Renal System - Abnormalities

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Contents

Introduction

Obstructive Defect of the Renal Pelvis

There are many different forms of renal development abnormalities associated with kidney, ureters, bladder and urethra. There are many genetic disorders associated with failure or abnormal renal development. Prenatal diagnosis of obstructive and renal agenesis/dysgenesis disorders are also important for early reproductive decisions by the parents. For example, with bilateral renal agenesis, failure of both kidneys to development, is not compatible with fetal/neonatal survival.

Because of their close developmental association, often described as the urogenital system, there can be an associated genital abnormalities.

There are also a range of branchiootorenal spectrum disorders (branchiootorenal syndrome and branchiootic syndrome) where both renal and auditory development are affected (for review see [1]).

Renal Links: Introduction | Lecture - Renal Development | Urinary Bladder | Stage 13 | Stage 22 | Fetal | Renal Movies | Stage 22 Movie | Histology | Abnormalities | Category:Renal
Historic Embryology: 1907 Urogenital images | 1921 Urogenital Development | 1917 Urogenital System | 1926 Embryo 22 Somites


Some Recent Findings

Trisomy 21 newborn
  • Congenital urological anomalies diagnosed in adulthood[2] "Despite worldwide availability of prenatal ultrasound, many patients are diagnosed in adult life with congenital anomalies such as ureteropelvic junction obstruction (UPJO), undescended testicle (UDT), ureterocele, hypospadias, vesicoureteral reflux (VUR) and primary obstructing megaureter (POM)."
  • Etv4 and Etv5 are required downstream of GDNF and Ret for kidney branching morphogenesis[3] "Mice lacking both Etv4 alleles and one Etv5 allele show either renal agenesis or severe hypodysplasia, whereas kidney development fails completely in double homozygotes. We identified several genes whose expression in the ureteric bud depends on Etv4 and Etv5, including Cxcr4, Myb, Met and Mmp14. Thus, Etv4 and Etv5 are key components of a gene network downstream of Ret that promotes and controls renal branching morphogenesis."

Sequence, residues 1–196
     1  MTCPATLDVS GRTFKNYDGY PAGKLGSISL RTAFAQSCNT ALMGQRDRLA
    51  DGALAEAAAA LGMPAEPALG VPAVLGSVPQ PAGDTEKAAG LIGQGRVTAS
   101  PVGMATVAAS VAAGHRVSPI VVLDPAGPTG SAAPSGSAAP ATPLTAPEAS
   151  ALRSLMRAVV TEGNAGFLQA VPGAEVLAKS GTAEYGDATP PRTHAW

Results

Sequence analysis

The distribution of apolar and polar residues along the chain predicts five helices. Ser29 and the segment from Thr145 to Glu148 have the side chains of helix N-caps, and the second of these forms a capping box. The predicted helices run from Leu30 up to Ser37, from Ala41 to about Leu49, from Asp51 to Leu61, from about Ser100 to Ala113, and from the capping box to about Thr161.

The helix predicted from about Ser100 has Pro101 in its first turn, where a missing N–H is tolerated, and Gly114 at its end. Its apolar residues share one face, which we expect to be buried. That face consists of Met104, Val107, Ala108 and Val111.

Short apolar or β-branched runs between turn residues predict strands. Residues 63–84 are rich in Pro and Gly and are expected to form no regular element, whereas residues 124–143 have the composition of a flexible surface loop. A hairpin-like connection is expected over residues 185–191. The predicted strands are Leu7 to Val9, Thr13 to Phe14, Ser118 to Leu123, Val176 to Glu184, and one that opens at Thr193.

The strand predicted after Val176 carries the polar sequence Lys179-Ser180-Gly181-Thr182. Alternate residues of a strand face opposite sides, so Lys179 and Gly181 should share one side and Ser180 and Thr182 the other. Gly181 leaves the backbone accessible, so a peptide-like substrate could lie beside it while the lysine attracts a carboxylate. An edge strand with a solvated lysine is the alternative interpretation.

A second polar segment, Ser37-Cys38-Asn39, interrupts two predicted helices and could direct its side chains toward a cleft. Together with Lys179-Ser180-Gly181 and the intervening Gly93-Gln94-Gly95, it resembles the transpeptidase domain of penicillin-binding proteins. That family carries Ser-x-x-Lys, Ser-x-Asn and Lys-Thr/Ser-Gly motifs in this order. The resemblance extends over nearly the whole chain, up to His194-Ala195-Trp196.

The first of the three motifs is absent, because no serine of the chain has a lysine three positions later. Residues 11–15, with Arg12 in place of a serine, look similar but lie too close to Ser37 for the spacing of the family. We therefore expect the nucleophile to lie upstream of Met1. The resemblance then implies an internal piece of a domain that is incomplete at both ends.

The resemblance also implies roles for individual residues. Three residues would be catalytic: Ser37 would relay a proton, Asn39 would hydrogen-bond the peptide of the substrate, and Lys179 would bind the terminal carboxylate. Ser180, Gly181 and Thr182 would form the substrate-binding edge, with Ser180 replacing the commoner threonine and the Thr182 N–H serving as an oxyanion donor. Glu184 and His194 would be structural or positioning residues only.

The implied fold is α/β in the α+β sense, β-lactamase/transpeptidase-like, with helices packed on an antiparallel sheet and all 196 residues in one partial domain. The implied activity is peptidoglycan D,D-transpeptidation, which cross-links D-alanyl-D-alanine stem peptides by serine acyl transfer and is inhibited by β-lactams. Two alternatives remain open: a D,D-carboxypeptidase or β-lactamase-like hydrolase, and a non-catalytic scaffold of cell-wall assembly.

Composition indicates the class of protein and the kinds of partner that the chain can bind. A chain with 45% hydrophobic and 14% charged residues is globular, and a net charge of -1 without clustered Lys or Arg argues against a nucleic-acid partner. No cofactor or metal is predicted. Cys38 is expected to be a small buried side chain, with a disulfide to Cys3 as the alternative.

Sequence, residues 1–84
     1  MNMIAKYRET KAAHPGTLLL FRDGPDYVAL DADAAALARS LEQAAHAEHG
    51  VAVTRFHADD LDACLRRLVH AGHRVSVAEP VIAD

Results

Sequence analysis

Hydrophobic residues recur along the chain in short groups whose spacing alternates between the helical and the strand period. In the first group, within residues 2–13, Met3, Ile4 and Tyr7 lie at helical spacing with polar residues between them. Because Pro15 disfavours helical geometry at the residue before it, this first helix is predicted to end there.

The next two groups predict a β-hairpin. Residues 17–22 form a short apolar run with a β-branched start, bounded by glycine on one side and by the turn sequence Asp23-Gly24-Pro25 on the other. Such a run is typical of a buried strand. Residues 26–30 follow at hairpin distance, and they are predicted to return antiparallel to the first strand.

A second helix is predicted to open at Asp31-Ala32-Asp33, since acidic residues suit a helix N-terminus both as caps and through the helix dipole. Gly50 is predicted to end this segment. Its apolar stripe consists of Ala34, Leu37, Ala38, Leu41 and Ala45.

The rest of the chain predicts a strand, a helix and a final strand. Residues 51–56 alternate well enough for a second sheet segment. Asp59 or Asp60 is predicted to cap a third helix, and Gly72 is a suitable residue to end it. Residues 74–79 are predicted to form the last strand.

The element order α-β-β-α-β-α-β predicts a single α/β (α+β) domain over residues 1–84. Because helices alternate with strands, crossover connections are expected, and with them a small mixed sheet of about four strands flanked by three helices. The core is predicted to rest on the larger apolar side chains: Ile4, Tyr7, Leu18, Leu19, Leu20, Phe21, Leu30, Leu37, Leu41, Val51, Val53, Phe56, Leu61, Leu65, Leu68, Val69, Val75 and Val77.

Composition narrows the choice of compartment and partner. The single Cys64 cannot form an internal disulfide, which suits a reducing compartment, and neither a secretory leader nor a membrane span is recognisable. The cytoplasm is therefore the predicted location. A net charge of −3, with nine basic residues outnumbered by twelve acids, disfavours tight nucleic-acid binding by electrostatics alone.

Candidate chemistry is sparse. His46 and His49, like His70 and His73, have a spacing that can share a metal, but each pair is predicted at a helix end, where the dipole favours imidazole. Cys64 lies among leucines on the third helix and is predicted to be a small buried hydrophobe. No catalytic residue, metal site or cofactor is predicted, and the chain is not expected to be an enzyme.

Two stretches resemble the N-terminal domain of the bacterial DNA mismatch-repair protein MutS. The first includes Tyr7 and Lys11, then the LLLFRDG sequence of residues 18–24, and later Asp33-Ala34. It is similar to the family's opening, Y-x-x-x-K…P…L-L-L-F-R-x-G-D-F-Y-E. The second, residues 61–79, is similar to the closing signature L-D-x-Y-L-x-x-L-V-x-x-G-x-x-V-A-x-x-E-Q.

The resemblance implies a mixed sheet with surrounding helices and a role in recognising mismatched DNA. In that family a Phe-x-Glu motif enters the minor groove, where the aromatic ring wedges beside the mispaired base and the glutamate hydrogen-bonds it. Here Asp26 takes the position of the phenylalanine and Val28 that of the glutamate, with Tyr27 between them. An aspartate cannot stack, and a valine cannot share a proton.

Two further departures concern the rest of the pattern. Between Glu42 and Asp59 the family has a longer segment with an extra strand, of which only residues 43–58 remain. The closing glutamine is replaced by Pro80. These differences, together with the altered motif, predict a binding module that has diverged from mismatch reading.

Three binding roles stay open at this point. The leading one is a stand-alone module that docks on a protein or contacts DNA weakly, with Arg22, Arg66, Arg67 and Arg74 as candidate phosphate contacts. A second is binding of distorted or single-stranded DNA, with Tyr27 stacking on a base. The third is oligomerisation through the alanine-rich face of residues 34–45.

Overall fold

Australian Statistics

Australian abnormalities pie urogen.png

Statistics - Top Ten

Australian Data 1981-92

The ten most frequently reported birth defects in Victoria between 2003-2004.

  1. Hypospadias
  2. Obstructive Defects of the Renal Pelvis or Obstructive Genitourinary Defects
  3. Ventricular Septal Defect
  4. Congenital Dislocated Hip
  5. Trisomy 21 or Down syndrome
  6. Hydrocephalus
  7. Cleft Palate
  8. Trisomy 18 or Edward Syndrome - multiple abnormalities of the heart, diaphragm, lungs, kidneys, ureters and palate 86% discontinued.
  9. Renal Agenesis/Dysgenesis - reduction in neonatal death and stillbirth since 1993 may be due to the more severe cases being identified in utero and being represented amongst the increased proportion of terminations (approximately 31%).
  10. Cleft Lip and Palate - occur with another defect in 33.7% of cases.

International Classification of Diseases

The International Classification of Diseases (ICD) World Health Organization's classification used worldwide as the standard diagnostic tool for epidemiology, health management and clinical purposes. This is not a full listing of the renal abnormality classifications, only the major sub-headings that relate to development, use the Q60-Q64 links to see additional sub-sub-headings. Close association with the genital system abnormalities (Q50-Q56) means that the two can be related. Pre-existing maternal conditions (O10-O16) such as oedema, proteinuria and hypertensive disorders in pregnancy, can also impact upon development.

Links: Q60-Q64 Renal Detailed | Perinatal Period | Q50-Q56 Genital Detailed | ICD-10


Congenital malformations of the urinary system (Q60-Q64)

Links: Q60-Q64 Detailed
  • Q60 Renal agenesis and other reduction defects of kidney Incl.: atrophy of kidney: congenital infantile congenital absence of kidney
  • Q61 Cystic kidney disease Excl.: acquired cyst of kidney (N28.1) Potter's syndrome (60.6)
  • Q62 Congenital obstructive defects of renal pelvis and congenital malformations of ureter
  • Q63 Other congenital malformations of kidney Excl.: congenital nephrotic syndrome (N04.-)
  • Q64 Other congenital malformations of urinary system

P00 Fetus and newborn affected by maternal conditions that may be unrelated to present pregnancy

Excl.: fetus and newborn affected by: maternal complications of pregnancy (P01.-) maternal endocrine and metabolic disorders (P70-P74) noxious influences transmitted via placenta or breast milk (P04.-)

  • P00.0 Fetus and newborn affected by maternal hypertensive disorders Fetus or newborn affected by maternal conditions classifiable to O10-O11, O13-O16
  • P00.1 Fetus and newborn affected by maternal renal and urinary tract diseases Fetus or newborn affected by maternal conditions classifiable to N00-N39

P96 Other conditions originating in the perinatal period

  • P96.0 Congenital renal failure Uraemia of newborn


Links: Q60-Q64 Renal Detailed | Perinatal Period | Q50-Q56 Genital Detailed